Technical Insights from “Not Far from Home” #11

To Copy or Not to Copy…

During the days of my preliminary studies in art, I seemed to remember hearing the notion that copying art was definitely frowned upon. I believed this mindset was birthed from the flawed misconception in the visual arts popularized in the early twentieth century that originality is the one and only virtue in art and that copying another’s work would only hamstring your attempt to be completely unique.

As I have taught through the years, it has been interesting to me that so many have heard the same and almost apologize when they have admitted to copying another’s work.

To me this has always seemed ridiculous.   Can you imagine an aspiring concert pianist never playing Mozart, Chopin, or Beethoven for fear of not being unique?

Clearly, in the visual arts one does not want to plagiarize another’s work and sell your copies, but what a loss to not learn from them.

I have copied many works for study and have seen exponential growth in my work as a result of understanding harmony, edge, and value control to name a few aspects.

Early on I had several tendencies in my work that lessened the quality of the overall image. One of them was hard, inappropriate edges on the lips that made them look like the wax lips we used to get at Halloween, pasted on the face.  I overcame this repeated error by spending days at the Metropolitan Museum in New York drawing and copying in pencil the delicate transitions of the lips Sargent achieved in his portraits.

The image above shows a copy I did of a Carl Von Marr painting which helped me understand the prismatic effect light has as the sunlight hit the ground.  As I studied this, I did not just take his harmonies and copy them into my work, but they taught me what to look for in a similar light effect to produce a more spectral sense in my own work.

(Speaking of Carl Von Marr, I will share more of his amazing work in weeks to come.  His paintings have had a major influence on me as I poured over them as a youngster.)

The image below shows one such work featured in “Not Far from Home” where the lessons learned from Marr proved fruitful.

Lastly, what do I mean to copy another’s work?  Again, it is not to simply steal ones harmonies, designs, etc, etc…, but rather to learn from them by studying paintings in part or full.  This can be by painting sections of or by executing drawings of tonal ranges or edge transitions, whatever your area of weakness may be.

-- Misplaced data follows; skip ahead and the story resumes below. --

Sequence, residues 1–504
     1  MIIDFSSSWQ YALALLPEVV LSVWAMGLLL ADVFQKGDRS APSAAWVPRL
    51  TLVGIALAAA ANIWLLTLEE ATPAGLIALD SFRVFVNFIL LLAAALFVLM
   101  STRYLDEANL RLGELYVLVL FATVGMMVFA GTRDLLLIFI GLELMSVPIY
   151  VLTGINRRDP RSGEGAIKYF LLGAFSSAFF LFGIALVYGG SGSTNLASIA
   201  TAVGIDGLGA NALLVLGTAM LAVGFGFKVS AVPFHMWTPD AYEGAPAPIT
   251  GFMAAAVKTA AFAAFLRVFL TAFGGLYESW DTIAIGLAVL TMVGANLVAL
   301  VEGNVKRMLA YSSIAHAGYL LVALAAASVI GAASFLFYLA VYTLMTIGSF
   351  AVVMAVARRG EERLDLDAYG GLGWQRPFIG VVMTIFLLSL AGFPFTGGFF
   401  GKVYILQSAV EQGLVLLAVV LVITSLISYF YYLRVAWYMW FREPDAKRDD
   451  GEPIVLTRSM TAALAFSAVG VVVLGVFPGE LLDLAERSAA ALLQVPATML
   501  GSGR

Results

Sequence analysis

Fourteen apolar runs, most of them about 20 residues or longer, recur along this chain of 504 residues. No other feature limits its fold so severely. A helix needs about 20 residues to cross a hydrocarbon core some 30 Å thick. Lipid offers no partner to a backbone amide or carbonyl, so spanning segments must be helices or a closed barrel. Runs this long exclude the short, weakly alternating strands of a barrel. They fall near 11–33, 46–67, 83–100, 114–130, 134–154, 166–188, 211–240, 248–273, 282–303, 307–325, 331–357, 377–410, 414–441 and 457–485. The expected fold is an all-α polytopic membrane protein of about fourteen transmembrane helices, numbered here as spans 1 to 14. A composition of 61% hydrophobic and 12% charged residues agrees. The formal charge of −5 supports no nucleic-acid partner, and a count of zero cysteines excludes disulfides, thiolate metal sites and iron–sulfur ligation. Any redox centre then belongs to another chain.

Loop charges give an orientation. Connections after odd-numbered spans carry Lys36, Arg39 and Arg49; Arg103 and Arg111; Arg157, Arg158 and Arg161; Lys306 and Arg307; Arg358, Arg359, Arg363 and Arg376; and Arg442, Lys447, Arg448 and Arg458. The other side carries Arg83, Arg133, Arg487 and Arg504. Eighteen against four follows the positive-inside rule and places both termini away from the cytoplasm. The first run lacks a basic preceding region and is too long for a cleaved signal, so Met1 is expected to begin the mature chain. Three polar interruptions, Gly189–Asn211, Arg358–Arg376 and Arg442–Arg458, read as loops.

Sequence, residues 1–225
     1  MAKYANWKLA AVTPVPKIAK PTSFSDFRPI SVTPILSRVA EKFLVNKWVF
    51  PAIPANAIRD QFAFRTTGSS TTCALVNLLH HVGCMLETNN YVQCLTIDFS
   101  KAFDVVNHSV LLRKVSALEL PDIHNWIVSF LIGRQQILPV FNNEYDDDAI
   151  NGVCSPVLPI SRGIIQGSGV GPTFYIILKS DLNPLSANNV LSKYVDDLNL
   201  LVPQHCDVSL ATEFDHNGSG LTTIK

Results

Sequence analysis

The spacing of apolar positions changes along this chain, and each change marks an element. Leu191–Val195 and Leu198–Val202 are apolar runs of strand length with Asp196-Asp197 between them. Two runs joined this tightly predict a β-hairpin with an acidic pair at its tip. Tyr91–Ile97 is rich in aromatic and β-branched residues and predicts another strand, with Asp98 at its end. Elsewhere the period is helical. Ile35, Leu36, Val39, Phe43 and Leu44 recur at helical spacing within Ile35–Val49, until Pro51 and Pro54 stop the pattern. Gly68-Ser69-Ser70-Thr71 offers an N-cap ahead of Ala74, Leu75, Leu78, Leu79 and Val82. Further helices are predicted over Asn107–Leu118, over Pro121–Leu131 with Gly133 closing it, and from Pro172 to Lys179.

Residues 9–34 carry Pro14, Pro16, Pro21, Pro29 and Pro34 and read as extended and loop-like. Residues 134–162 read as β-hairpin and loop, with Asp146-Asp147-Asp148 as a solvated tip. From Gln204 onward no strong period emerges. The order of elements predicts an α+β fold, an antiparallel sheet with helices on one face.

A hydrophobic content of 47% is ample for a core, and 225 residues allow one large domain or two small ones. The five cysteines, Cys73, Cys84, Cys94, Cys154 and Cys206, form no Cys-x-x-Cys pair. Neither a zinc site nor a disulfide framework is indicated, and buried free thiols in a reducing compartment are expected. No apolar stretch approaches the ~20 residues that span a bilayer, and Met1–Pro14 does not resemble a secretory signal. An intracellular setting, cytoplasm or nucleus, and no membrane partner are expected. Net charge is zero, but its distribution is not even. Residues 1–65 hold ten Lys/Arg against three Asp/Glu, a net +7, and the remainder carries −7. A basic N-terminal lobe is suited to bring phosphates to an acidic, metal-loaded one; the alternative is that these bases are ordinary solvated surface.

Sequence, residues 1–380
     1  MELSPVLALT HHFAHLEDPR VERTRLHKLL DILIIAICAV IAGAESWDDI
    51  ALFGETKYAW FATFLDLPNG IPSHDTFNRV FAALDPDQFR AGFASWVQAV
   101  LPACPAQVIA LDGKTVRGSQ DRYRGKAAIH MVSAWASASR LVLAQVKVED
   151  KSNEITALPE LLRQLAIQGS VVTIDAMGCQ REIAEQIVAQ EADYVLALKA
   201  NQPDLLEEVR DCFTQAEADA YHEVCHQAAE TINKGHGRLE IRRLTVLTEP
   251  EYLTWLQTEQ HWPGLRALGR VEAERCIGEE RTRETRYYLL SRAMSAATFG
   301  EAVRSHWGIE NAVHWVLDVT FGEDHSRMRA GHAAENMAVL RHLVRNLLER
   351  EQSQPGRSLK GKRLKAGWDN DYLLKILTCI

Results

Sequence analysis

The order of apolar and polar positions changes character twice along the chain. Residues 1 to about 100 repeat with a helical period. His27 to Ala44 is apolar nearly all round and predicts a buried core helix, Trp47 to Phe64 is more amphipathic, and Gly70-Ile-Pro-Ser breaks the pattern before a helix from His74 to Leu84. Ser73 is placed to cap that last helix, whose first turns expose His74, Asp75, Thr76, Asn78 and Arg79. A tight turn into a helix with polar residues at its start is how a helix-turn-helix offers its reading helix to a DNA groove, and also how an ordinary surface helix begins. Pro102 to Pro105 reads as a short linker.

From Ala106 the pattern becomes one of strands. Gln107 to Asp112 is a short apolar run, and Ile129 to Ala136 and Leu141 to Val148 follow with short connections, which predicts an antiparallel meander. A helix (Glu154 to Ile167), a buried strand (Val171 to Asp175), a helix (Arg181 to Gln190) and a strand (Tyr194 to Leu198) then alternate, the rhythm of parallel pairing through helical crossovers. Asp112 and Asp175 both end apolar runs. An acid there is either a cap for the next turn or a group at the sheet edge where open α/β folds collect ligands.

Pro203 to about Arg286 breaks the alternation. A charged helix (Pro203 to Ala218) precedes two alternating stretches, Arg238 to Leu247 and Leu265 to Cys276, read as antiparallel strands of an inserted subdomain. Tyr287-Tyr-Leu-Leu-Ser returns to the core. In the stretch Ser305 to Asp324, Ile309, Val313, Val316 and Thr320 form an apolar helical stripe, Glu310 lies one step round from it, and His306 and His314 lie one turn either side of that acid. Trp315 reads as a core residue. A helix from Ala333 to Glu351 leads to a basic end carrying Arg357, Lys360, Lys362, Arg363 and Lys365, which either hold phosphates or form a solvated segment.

So with a clean conscience go ahead and copy works to increase your understanding and bring your work to the next level.  There is so much to be learned from the Masters!!!

For more info on “Not Far from Home”, click book.  Thanks!

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4 responses to “Technical Insights from “Not Far from Home” #11

  • willie jacobs

    Hi Daniel, thanx for the insight. As being totally self-taught, this is the best posting I coyld read to helkp me advance and mature in my work. I will definately spend some time learning from the masters. At this stage time is survival. Can one be allowed to sell what you have copied. Say you make it clear to the client and give acknowlkedgement to the artist instead of your signature? Say for instance I copy a work from Rembrandt, the Centurion, and write on the painting, “After Rembrandt”?

    I would love to learn this way, but get rewarded for the time spent away from earning an income.

    Regards, Willie Jacobs

  • paintdancer

    Thanks for the blessing, Dan! You made a very good point about musicians playing Bach and Chopin. As a pianist, I learned a tremendous amount about point and counterpoint from Back and the fingering and octave range required within Chopin’s polonaise’s forced me to play the scales over and over to increase my skill. I once copied a small portion of a Sorolla and could not believe how much it taught me! Thanks for the reminder!

  • A. Crawford

    This observation is extremely interesting to me because I think it is applicable across all disciplines. For many years now, the be-all-end-all of writing has also been originality–which is ridiculous. Rhetoricians across the ages taught their students by….having them copy master writers, starting with the Roman rhetoricians. Edward Corbett’s classic rhetoric text, which is still in print, incidentally, and has even been recently updated, has a number of copying exercises in it for college students. Now, when nobody copies anything (and students are not even taught cursive penmanship), nobody can write.

  • Bettye Rice

    Dan, this was so helpful to me as I have admired certain artists (including you!) and have studied and copied their work for a learning experience. I did a copy of Monet’s brown version of a cathedral in Roen to try to learn light reflection and movement, Norman Rockwell for his people studies, and you for your reflection of candlelight on skin. I also admire your including your spirituality and beliefs. Thank you so much for blogging.

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